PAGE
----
The Miseducation of Cameron Post Is a Movie About Gay People but Not Really for Them

The film adaptation takes kid gloves to a subject that deserves a sledgehammer.

A young woman peers through a window.
Chloe Grace Moretz in the The Miseducation of Cameron Post. Filmrise

Like many movies about gay people but not really for them, The Miseducation of Cameron Post veers quickly into misery. The first of a pair of high-profile films this year about gay conversion therapy, which remains legal in 36 U.S. states, the movie opens in 1993 in Montana. Cameron (Chloë Grace Moretz), a dolled-up small-town teenager, finds herself ignoring her boyfriend in favor of secret trysts with a girl from her Bible study, whom, in a charming but absurd touch, she falls for during a late-night viewing of Desert Hearts. On prom night, the girls consummate their love in the back of a car in the parking lot (hey, who among us?) and, as required by the plot, are quickly discovered by Cameron’s boyfriend. In the very next scene, Cameron’s aunt is hauling her off to God’s Promise. It is what it sounds like.

If you’ve read the more horrific accounts of conversion therapy, you will not find them in this movie, which opts for the far more timid story of a wayward psychologist (Jennifer Ehle) and her ex-gay brother (John Gallagher Jr.) running what is essentially a creepy religious school focused on “traditional gender roles.” There is no doubt the camp practices dangerous psychological abuse, but “no one’s, you know, beating us,” as Cameron clarifies when an investigator turns up late in the movie. Instead, we get a vaguely topical but unfailingly safe narrative that befits the film’s berth at Sundance, where it won the top dramatic prize earlier this year: Cameron falls in with two fellow miscreants (Sasha Lane and Forrest Goodluck), questions herself fleetingly, and contends with the strange but mostly manageable behavior of both captors and captives at the camp. There are eerie late-night flashlight checks to make sure same-sex roommates aren’t up to old habits, insidious therapy sessions that pit the kids against each other, and enough manufactured quirk from the movie’s many supporting players to tick off all boxes in the “character development” chapter of a screenplay manual.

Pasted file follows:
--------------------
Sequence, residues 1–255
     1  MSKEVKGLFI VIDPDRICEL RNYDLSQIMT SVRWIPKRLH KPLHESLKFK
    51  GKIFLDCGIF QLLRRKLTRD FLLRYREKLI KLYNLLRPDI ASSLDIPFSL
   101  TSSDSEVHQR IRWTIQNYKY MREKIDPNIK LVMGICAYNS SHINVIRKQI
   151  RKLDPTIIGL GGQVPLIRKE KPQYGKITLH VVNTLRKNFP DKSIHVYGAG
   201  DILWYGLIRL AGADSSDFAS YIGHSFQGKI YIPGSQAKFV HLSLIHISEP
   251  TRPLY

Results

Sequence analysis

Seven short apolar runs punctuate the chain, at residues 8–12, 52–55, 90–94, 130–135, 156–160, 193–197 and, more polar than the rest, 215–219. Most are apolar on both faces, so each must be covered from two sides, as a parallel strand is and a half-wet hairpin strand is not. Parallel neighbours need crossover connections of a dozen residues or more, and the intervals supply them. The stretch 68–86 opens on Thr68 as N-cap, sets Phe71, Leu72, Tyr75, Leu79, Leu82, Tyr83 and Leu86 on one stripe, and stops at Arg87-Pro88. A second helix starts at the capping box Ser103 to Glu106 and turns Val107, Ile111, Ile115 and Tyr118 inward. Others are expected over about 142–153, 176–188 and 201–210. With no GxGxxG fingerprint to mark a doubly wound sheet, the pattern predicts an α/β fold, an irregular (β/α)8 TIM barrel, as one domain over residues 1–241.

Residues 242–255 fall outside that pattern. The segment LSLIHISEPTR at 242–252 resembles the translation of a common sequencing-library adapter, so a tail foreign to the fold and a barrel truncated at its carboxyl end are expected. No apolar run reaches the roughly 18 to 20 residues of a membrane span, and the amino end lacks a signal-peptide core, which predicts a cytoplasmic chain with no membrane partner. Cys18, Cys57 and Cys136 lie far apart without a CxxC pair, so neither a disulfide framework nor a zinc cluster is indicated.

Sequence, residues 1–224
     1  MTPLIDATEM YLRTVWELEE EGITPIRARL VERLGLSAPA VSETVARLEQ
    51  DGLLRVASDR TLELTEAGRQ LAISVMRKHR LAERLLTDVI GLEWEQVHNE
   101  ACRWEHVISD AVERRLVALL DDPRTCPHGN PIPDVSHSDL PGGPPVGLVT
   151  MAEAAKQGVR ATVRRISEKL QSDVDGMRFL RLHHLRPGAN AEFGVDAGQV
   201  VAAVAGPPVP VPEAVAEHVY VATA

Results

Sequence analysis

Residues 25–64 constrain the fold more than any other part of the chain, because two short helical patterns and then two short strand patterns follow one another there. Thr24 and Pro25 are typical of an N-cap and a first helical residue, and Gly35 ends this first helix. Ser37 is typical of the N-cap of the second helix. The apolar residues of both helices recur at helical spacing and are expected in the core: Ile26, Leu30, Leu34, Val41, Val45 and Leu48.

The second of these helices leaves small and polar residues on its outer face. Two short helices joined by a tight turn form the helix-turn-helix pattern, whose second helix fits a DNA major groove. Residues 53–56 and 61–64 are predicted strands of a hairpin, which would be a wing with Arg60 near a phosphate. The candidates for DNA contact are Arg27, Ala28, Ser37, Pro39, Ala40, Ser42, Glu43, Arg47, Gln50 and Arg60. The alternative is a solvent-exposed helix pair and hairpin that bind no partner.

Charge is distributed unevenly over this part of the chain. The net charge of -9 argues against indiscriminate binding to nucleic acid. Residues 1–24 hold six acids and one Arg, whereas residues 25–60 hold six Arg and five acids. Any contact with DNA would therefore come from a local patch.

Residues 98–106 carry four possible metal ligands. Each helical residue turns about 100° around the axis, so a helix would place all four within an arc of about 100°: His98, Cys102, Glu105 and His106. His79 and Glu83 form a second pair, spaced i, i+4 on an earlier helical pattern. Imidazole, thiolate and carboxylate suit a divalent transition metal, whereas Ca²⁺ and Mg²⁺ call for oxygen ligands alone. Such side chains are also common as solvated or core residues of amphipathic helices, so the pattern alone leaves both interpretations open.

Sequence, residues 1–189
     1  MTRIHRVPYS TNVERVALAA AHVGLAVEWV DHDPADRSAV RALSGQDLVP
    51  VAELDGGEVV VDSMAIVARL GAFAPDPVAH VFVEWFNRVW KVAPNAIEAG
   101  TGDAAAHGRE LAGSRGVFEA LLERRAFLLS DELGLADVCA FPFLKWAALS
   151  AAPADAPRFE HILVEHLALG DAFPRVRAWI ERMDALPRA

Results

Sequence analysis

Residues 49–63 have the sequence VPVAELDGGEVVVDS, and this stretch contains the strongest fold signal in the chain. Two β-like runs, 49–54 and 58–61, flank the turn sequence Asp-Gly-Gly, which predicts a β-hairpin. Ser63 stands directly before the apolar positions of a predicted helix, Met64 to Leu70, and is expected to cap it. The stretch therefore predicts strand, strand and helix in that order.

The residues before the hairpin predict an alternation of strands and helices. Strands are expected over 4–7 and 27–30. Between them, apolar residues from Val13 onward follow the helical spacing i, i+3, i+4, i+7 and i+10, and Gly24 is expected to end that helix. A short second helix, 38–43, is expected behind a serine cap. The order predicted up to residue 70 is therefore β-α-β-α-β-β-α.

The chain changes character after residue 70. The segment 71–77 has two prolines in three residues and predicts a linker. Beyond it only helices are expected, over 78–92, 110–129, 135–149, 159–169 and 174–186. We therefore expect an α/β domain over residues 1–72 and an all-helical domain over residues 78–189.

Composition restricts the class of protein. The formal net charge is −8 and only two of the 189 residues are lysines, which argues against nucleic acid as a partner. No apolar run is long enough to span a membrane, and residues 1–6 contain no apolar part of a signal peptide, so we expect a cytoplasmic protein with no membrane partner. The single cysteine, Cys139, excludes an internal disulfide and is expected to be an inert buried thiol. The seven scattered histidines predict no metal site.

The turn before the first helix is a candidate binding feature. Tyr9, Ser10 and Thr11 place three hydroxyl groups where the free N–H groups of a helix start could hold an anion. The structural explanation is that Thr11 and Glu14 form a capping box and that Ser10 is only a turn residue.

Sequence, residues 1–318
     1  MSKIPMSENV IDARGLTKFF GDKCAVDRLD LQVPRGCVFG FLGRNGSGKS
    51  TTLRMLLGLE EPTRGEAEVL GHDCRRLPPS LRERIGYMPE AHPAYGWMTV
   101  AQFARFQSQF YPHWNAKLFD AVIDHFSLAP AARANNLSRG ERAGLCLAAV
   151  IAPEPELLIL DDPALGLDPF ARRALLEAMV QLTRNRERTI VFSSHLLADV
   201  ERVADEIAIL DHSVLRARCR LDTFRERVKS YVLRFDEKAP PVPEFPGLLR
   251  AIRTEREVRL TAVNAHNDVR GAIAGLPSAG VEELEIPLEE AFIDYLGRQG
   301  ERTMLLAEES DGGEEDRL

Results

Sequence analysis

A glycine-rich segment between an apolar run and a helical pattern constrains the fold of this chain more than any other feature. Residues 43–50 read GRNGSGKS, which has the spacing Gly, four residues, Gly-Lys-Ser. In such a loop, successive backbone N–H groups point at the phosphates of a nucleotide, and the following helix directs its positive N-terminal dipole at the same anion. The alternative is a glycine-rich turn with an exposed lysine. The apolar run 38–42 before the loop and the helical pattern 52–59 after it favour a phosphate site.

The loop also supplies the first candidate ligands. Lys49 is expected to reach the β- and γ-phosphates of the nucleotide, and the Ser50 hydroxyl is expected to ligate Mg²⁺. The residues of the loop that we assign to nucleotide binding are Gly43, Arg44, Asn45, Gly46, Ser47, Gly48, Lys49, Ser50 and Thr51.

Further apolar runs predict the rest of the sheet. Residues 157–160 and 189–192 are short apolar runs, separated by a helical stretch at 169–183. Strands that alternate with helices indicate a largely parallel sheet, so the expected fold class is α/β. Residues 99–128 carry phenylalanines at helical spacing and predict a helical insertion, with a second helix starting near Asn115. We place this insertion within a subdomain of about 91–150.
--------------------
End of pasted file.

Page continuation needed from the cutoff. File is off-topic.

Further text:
Based on the novel by Emily M. Danforth, The Miseducation of Cameron Post is easy to admire for its sensitive and relatively unsentimental approach to tricky subject matter, but then: Shouldn’t this movie be devastating? That it isn’t at all seems like the first of many problems. Director and co-writer Desiree Akhavan can never quite shake the film’s issue-movie sheen as she guides us through one stagey and unconvincing therapy sequence after another, and even when her vision comes to life—as in a disturbing sequence that cross-cuts between an inevitable suicide attempt and the therapy session that catalyzed it—she can’t keep it from falling back into a handsomely retrofitted after-school movie. It’s puzzling at best, and vulgar at worst, to turn such a raw, urgent, and ongoing abuse into a movie that works so hard to coddle its audience with tired coming-of-age tropes and moments of easy emotional release. Why bother? If the movie reveals the horrors of conversion therapy to an uninitiated audience, it’s hard to see that as a bad thing, but to treat it so delicately feels like a grave disservice.

Even if we consider The Miseducation of Cameron Post absent from our moment, and I’m not sure we should, the movie still squanders its last whiffs of potential. Every supporting character—every single one—has moments that suggest they would make a far more compelling star than Cameron Post. It’s hard to know if we should fault Moretz or the thin writing for Cameron’s vagueness: Moretz never locates her interiority, but perhaps she never had any. Moretz has done fine work as, for example, a proto–Lindsay Lohan in Clouds of Sils Maria, but her sullen affect here kills what was clearly meant to be a breakout role. We’re left to long for more time with Ehle and Gallagher Jr.—the latter with a very actorly, meaning-filled mustache—who gnaw through a few scenes but don’t find much to bite off. Or even more time with Lane (American Honey) and Goodluck (The Revenant), who are mostly left to mope. The low-key best performance in the movie comes from Owen Campbell, who sneaks up on us as a peripheral God’s Promise resident, but his quiet and then fierce turn is stifled by the movie’s perfunctory mechanics. No one can quite rise above them.

It will not surprise you to learn the movie ends on a hopeful note, unearned but not unpleasant. Akhavan stages The Miseducation of Cameron Post’s most memorable image in the bed of a truck emblazoned with a Clinton-Gore sticker, a reminder this takes place 25 years ago, where it’s hard to imagine the circumstances at a conversion camp like this wouldn’t have been more dire. That final shot, held for pleasingly longer than we expect, feels like the emotional catharsis for a movie we never got to see—and that an unimaginable practice like this ultimately demands.